L.A. Festival Was More Than an Arts Celebration : Culture: The city got to better know its multiethnic and intergenerational self. But institutionalizing the fest would kill its spirit and mission.

<i> Maureen A. Kindel, president of the public-affairs consulting firm of Rose & Kindel, is board chairwoman of the 1990 Los Angeles Festival. </i>

A great deal was written and said about the just-completed Los Angeles Festival. Some hailed the arts celebration as a huge success and a groundbreaking event. Others complained that the festival’s brochure bewildered them, dampening their interest.

Without a doubt, the 1990 Los Angeles Festival was a triumph. Indeed, a page in the cultural and racial history of the city has been turned.

As planned, 290 events, 70% free, were presented at more than 70 venues across the city. Audience attendance at festival events requiring tickets was, on average, 73% of capacity, well above the projected 60%. The 16-day festival earned $725,000, $125,000 above projected.


As for the quality of the art presented, audiences and critics basically agreed--festival fare was exotic and excellent. Never before had Los Angeles seen such companies as the Bread and Puppet Theatre, the Children of Bali, El Gran Circo Teatro de Chile, Japan’s Uwanuda Kagura Troupe, the Wallis & Futuna Musicians and Dancers, and the Cambodian Classical Dance Troupe. They were the brilliant substance of an arts festival that truly reflected Los Angeles itself.

Add to this the multiethnic and intergenerational audiences, and you had something special happening. Latino families experiencing Thai folk opera in Alhambra Park; a predominantly white audience cheering the F.A.M.E. Gospel Choir at the Hollywood Bowl; young people discovering a 400-year-old folk dance with the townspeople of Gujo Hachiman, Japan, at Santa Monica Pier; parents taking their children to an airport hangar for their first taste of theater--courtesy of Bread and Puppet Theatre. The non-subscription sellout of “Nixon in China,” directed by festival director Peter Sellars, suggested that many who attended the performance were introduced to the Music Center.

There were other artistic precedents: The F.A.M.E. Gospel Choir, long a staple of South-Central Los Angeles, sharing equal billing with the Los Angeles Philharmonic. Barbara Carrasco unfurling her mural, “The History of Los Angeles,” at Union Station. Since 1981, it had languished in Cesar Chavez’s garage because the city, after commissioning the mural, apparently forgot it.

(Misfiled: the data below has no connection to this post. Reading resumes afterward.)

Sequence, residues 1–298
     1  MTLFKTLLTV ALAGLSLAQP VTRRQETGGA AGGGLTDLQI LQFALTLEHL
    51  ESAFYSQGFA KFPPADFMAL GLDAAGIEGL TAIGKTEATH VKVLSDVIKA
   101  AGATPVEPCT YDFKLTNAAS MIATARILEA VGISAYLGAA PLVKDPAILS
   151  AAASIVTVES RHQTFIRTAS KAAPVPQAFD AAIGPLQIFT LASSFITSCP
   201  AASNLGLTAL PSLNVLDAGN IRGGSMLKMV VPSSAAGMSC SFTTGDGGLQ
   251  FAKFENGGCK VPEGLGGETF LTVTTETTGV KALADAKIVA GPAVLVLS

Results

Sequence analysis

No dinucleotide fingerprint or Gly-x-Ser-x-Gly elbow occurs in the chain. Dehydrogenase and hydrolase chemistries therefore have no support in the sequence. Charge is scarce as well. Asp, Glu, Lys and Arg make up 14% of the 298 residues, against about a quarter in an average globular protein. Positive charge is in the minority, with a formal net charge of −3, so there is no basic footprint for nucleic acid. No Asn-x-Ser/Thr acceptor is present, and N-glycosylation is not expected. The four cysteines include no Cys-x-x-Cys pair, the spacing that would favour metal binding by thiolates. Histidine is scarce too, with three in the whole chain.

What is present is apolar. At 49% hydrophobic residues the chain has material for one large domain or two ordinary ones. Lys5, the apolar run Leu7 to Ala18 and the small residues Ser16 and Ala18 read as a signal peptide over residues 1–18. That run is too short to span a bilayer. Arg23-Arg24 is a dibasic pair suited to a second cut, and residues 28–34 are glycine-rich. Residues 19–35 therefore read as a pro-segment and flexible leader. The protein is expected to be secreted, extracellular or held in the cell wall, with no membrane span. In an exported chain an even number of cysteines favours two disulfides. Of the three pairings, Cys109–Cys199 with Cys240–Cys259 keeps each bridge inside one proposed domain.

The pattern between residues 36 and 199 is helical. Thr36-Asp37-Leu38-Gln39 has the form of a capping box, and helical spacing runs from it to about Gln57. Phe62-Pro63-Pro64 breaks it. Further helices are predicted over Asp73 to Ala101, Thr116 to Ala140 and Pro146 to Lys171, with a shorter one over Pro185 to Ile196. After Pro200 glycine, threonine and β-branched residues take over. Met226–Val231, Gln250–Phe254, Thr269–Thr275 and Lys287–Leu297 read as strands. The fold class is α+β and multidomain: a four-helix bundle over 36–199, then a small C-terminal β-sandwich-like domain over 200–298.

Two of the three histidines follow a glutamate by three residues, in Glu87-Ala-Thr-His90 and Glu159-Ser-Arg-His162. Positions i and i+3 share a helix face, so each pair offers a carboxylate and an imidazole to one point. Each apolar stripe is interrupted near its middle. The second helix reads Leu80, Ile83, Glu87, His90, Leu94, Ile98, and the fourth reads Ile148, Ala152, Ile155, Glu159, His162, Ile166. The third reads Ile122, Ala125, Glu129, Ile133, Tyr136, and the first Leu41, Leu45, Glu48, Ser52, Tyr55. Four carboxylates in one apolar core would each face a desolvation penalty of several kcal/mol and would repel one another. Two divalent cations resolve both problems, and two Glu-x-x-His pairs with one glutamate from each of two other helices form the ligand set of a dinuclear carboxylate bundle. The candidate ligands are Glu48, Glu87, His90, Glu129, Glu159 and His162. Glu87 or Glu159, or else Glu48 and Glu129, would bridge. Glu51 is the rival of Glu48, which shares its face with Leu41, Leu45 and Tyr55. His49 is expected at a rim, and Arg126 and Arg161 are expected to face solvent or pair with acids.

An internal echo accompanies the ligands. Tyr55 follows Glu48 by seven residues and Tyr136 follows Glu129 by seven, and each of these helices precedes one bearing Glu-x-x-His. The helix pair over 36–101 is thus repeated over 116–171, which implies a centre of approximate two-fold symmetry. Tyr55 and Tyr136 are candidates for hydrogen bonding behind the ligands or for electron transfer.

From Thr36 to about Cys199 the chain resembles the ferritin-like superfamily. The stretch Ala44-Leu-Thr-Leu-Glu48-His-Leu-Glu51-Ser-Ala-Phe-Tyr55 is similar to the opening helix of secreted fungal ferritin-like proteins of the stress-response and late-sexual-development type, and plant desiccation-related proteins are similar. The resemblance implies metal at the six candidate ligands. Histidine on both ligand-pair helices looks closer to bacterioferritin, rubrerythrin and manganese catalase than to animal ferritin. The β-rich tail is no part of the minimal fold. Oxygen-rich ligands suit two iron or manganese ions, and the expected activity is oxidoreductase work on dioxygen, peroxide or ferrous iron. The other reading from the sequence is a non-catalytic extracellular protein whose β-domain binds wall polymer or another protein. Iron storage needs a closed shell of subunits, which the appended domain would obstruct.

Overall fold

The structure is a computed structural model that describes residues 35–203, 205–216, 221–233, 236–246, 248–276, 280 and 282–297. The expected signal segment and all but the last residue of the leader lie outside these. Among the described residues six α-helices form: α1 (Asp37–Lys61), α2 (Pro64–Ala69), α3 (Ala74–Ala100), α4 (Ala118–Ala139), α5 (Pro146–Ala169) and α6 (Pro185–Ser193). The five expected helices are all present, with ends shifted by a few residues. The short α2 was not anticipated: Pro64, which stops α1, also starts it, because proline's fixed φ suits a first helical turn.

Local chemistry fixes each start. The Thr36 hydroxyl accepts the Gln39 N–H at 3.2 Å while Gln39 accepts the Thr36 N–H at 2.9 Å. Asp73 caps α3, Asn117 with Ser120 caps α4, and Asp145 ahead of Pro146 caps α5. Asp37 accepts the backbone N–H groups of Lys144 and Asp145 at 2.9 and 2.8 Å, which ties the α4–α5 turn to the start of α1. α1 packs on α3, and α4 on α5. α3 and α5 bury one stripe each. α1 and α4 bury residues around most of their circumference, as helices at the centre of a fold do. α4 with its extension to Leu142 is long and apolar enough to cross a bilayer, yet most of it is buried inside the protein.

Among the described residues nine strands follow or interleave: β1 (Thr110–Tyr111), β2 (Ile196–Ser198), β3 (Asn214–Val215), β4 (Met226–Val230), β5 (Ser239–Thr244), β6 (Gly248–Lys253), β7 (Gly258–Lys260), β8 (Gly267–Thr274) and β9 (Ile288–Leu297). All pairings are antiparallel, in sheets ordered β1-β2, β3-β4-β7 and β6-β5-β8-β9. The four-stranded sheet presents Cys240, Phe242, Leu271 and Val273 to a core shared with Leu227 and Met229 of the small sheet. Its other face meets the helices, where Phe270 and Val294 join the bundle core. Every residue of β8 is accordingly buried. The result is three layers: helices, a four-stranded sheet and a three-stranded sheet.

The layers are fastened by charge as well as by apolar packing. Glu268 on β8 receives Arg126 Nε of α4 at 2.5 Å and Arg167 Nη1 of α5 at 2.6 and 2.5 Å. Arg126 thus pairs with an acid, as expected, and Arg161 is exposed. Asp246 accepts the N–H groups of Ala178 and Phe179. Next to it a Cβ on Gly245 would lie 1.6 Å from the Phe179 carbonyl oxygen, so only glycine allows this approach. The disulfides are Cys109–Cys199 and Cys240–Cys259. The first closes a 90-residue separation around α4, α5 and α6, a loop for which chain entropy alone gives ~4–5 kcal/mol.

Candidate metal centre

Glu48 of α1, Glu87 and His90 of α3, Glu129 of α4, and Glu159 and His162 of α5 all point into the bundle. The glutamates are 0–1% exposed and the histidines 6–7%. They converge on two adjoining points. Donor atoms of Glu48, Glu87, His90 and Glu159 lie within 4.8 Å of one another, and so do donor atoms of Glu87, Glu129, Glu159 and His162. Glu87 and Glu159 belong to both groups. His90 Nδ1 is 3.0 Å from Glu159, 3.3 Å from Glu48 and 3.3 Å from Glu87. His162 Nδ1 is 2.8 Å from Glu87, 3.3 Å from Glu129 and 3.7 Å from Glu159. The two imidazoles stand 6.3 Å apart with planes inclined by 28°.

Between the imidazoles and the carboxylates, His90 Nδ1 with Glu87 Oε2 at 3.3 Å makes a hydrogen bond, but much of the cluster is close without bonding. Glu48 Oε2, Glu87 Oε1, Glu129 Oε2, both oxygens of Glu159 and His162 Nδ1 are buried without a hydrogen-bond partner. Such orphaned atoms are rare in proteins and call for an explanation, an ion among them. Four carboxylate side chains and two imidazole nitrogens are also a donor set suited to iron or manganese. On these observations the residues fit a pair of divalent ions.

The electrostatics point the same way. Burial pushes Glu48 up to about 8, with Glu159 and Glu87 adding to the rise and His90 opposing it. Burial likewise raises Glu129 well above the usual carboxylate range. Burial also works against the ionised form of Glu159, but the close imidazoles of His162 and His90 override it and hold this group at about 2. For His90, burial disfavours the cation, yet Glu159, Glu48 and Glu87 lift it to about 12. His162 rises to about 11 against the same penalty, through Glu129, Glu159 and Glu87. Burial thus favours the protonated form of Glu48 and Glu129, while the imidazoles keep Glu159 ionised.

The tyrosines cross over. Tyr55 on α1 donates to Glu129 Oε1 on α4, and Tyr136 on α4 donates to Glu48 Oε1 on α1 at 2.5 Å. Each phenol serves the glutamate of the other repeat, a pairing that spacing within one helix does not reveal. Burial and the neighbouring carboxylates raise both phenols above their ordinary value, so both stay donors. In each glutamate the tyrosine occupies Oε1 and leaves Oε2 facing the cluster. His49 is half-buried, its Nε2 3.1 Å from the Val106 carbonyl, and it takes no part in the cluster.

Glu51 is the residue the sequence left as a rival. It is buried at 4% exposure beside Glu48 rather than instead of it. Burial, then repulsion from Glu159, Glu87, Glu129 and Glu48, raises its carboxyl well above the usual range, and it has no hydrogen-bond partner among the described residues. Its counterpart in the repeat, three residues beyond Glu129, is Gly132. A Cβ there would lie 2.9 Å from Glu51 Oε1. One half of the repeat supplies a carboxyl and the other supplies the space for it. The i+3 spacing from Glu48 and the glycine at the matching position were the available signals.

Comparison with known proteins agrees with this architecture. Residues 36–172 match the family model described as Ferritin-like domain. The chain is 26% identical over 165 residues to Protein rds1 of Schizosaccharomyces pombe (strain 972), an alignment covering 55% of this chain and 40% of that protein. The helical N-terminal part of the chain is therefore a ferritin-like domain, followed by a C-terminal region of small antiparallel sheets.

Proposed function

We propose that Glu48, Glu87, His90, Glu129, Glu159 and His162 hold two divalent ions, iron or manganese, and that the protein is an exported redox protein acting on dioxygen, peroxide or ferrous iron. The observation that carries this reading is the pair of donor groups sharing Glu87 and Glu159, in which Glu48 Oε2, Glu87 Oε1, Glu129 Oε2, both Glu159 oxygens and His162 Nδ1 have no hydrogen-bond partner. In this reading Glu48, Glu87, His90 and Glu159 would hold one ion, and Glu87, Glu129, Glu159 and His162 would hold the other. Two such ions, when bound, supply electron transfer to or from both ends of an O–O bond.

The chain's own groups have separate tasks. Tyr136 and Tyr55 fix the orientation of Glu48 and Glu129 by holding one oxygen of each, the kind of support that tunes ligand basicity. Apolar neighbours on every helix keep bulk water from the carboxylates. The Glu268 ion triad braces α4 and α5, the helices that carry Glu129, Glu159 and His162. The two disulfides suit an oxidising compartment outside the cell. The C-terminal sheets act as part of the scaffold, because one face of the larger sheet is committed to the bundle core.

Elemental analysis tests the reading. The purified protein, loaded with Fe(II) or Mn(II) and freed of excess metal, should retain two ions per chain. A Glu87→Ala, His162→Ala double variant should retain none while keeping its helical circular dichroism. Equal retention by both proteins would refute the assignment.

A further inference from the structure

For me, one moment embodied the festival’s purpose. In The Times’ account of festival attendance in Santa Monica, it was reported that a man had stumbled onto an event at the pier. Although he knew nothing of the Los Angeles Festival, the unwitting participant in art fulfilled Sellars’ strongest mission--to take the festival into so many communities that it could not be missed. The free, outdoor events--at Angels Gate in San Pedro, Descanso Gardens in La Canada-Flintridge, Griffith Park, Reseda Park, San Julian Park, the Wat Thai Temple in North Hollywood, Olvera Street, Chinatown and the African Marketplace--were thus the heart of the festival.

The festival also broke new fund-raising ground. We received support from contributors whom traditional sources warned us would never come forth. The local Korean, Cambodian, African-American, Chinese-American and Latino communities provided key financial assistance through fund-raising entertainment, neighborhood parties and other events. These new sources, along with the reliably strong support of Mayor Tom Bradley, our city partners, the Japanese business community, the Los Angeles County Transportation Commission and corporate and private funders created the foundation for the entire arts enterprise. They will be the keys to future fund-raising.

In planning for 1993, we must also admit that because of the breathless fund-raising pace at which we were operating, the organization of the 1990 festival began a full year too late. With monies in place earlier, we would have had more time to tend to the monumental task of producing and marketing the 1993 event. The 1990 Festival was an extraordinarily complex enterprise, and, quite simply, we must learn from our mistakes.


In the euphoria of the moment, some want to institutionalize the arts festival, to make it an officially sanctioned and funded part of the city’s cultural life. As someone who has chaired the ‘84, ’87 and ’90 festivals, I approach such calls with caution. I would never wish to lose the lean-and-mean approach that constant lack of funding has forced on us. Nor would I ever want to lose our passion and the devotion of 1,100 volunteers, the daily miracles performed by 50 staffers, the indefatigable services of our volunteer board of directors and the unbridled courage of the Open Festival.

It is accessibility--both geographic and economic--to the arts in Los Angeles that should be institutionalized, not a cultural seniority system. The Los Angeles Festival is not about a building or paying homage to patrons. Rather, it is a model to be replicated throughout the country, a spirit to be carried forward.

I remember a conversation I had with Sellars in 1987. He told me the message of the 1990 Los Angeles Festival would be a simple one: to encourage this diverse community to get to know itself as it moves into the next century.

The message has been received.